Asia stocks rise after tech sell-off on Wall Street


Stocks in the Asia-Pacific region rose after a difficult day on Wall Street, where US tech stocks fell on rising inflation expectations.

Hong Kong’s Hang Seng Index rose 2.1 percent on Tuesday, driven by a 3.6 percent gain for HSBC after the Asia-focused lender reported it would resume dividend payments. Australia’s S & P / ASX 200 added 0.8 percent.

In cryptocurrencies, bitcoin continued its decline from recent all-time highs.

China’s CSI 300 index of stocks listed in Shanghai and Shenzhen rallied 0.1% a day after the benchmark index suffered its biggest daily decline in more than six months. The liquidation was due to concerns that the country’s rapid economic recovery from the Covid-19 pandemic could lead to the removal of policy support for asset prices.

Meanwhile, South Korea’s tech-focused Kospi index rose 0.4%. Markets in Japan were closed for a national holiday.

In US trading on Monday, the S&P 500 lost 0.8%, while the technology-focused Nasdaq Composite fell 2.5%. Shares of Facebook, Amazon, Apple, Netflix and Google’s parent Alphabet fell in what some investors suggested was the start of a delayed correction.

S&P 500 futures rose 0.5 percent Tuesday during Asian trading, while London FTSE 100 futures rose 0.3 percent.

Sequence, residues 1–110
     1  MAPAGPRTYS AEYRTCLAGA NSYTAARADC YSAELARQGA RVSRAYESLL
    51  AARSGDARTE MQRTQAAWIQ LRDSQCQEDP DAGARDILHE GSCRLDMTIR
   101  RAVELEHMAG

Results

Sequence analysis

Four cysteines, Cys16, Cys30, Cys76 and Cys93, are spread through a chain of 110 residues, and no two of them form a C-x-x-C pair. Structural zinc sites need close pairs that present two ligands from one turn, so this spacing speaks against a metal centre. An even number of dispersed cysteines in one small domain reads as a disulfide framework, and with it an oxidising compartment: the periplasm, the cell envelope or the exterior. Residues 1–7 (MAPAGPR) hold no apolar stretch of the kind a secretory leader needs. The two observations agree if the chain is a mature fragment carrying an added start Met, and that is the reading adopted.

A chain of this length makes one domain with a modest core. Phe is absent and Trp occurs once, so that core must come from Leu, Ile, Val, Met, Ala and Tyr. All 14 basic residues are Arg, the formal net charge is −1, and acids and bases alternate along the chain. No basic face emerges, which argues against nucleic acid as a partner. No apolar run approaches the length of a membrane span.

A sell-off of US government bonds accelerated on Monday on fear that yields would be eroded by a return to inflation. The 10-year US Treasury yield rose 0.03 percentage points to 1.37%. Bond yields move inversely to prices.

Trading in US Treasuries will not resume until European markets reopen, given the public holiday in Japan.

Investors are also awaiting Federal Reserve Chairman Jay Powell’s testimony before Congressional committees on Wednesday for clues as to whether rising inflation could push the US central bank to reduce its ultra-lax monetary policy.

Traders will get another clue as to whether inflation concerns are justified on Friday, when the US Department of Commerce releases its personal consumer spending price index for January.

“The current reality is that inflation is a risk: Central government bond yields are rising as markets shift prices for better future growth,” said Kerry Craig, global market strategist at JPMorgan Asset Management. “But some inflation may not be a bad thing, and the recovery has a long way to go before it becomes a problem.”

Bitcoin fell 9.6 percent to $ 49,872 for a single coin on Tuesday after hitting a record high of $ 58,500 the day before. The cryptocurrency continues to rise more than 70 percent this year.

Oil prices continued to rise with Brent crude, the world benchmark, rising 1.8 percent to $ 66.43 a barrel. The US marker West Texas Intermediate was up 1.6 percent at $ 62.71 a barrel.

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